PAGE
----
In the case of the former option, Russia already appears to be preparing new rounds of mobilizations, with the Wagner Group restarting troop recruitment from Russian prisons. However, as was recently seen in Bakhmut and elsewhere, new Russian soldiers are poorly trained. Conscripts are thus often killed in droves—and not even the Russians have an infinite supply of human lives. New recruits could slow the tide of a Ukrainian advance, but if momentum is on Ukraine’s side, it may be unlikely these new recruits could decisively weigh in Russia’s favor.

That leaves nuclear escalation. Much debate has surrounded Russian nuclear doctrine, particularly when, how, and why Russia might choose to employ a nonstrategic weapon on the battlefield. Nonetheless, one aspect of doctrine Russia has been consistent on is that Russia would at least consider the use of a nuclear weapon if Russian territory is being attacked. Since its annexation of Crimea almost a decade ago, Russia very much considers Crimea part of the Russian homeland. Therefore, any serious threat to Crimea, at a minimum, runs the risk of nuclear use. This risk is significantly enhanced by an effective counteroffensive threatening Crimea in which momentum appears to be clearly with the Ukrainians.

Thus, the stakes of such a scenario are extremely high. Regardless of likelihoods, the United States and its allies must have a response prepared, which should reflect three imperatives.

Firstly, the United States must continue to signal to Russia that the consequences of using a nuclear weapon would be disastrous and likely involve direct US military intervention. The United States will be helped in this endeavor if China stands by its statements, as outlined in a recent twelve-point peace plan for Ukraine, that the sovereignty of all countries should be respected and a nuclear weapon cannot be used in the conflict. Importantly, China has stated it does not recognize Russia’s annexation of Crimea, blunting Russian arguments that a threat to Crimea might be considered a legitimate threat to the Russian homeland.

Secondly, the United States must use its leverage over Ukraine to ensure that Ukrainian forces do not advance into Crimea until an opportunity for negotiations has presented itself. Prominent media voices such as journalist Anne Applebaum and retired Lieutenant General Ben Hodges have consistently advocated for the retaking of Crimea, arguing that such a move would effectively end the war. This may or may not be true, but the risks of nuclear escalation do not today warrant such an aggressive strategy. The Biden administration’s unwillingness to provide Ukraine long-range missiles such as those used in last fall’s counteroffensive seems to confirm this hesitancy.

Thirdly, the groundwork for any negotiations must involve China, Russia’s only great power backer. The incentive for China is obvious. Working with the United States and the belligerent parties to end the war would boost China’s prestige and credibility in Europe at a time when many in the West are walking a tightrope on how, where, and when to engage China. This opens the possibility that China might be a fair partner in a peace deal, something Ukrainian President, Volodymyr Zelenskyy, is now welcoming. Thus, in addition to preparing for other contingencies, the United States should find ways sooner rather than later to work with the Chinese on how crisis management might proceed in the event of a successful Ukrainian counteroffensive. This advanced preparation and communication will serve as a counterweight to the potential for catastrophic disaster.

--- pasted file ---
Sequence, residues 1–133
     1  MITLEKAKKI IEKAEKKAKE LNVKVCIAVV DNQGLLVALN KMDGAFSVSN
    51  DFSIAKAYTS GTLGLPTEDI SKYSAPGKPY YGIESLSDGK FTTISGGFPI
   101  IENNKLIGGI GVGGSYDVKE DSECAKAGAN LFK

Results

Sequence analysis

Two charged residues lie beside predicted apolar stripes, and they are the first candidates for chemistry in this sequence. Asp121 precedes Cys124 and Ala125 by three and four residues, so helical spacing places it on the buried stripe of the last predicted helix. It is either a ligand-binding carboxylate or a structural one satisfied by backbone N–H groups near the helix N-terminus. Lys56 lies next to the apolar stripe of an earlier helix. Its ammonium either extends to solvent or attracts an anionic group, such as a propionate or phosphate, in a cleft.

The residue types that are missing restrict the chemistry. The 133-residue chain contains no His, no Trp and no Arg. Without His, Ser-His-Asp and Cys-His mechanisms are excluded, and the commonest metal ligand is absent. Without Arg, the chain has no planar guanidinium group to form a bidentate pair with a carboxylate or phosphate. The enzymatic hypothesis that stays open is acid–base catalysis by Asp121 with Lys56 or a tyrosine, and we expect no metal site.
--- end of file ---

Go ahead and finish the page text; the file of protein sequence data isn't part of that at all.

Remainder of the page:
Critics of this more hesitant approach will largely say that it is up to Ukraine when and how to proceed with military operations and when to negotiate. They will say, factually, that Crimea is part of Ukrainian sovereign territory and that reclaiming the peninsula would not just end the war but would also be the ultimate justice against Russian aggression. They will say that because Putin’s threats of nuclear use have so far proven empty they will remain empty.

Such criticisms, while to some degree valid, are dangerous and shortsighted. The use of a nuclear weapon would drastically change not just the war, but the entire world. Given what we know about Putin, it is in fact plausible that a tactical nuclear weapon could be used, particularly if Crimea is threatened by advancing Ukrainian forces. This threat, moreover, is amplified depending on how quickly momentum on the battlefield shifts.

That is precisely why preparations must be made now in case, once again, the world is surprised at Ukraine’s ability to fight back against Russian aggression.

Alex Betley works as an aerospace and defense consultant in Washington, DC. He holds an MALD from the Fletcher School of Law and Diplomacy, Tufts University, where he was an international security studies research fellow and senior editor with the Fletcher Security Review.

The views expressed are those of the author and do not reflect the official position of the United States Military Academy, Department of the Army, or Department of Defense.

Image: A Ukrainian soldier during training at Grafenwoehr Training Area, Germany, May 3, 2022 (credit: Sgt. Spencer Rhodes, Florida Army National Guard)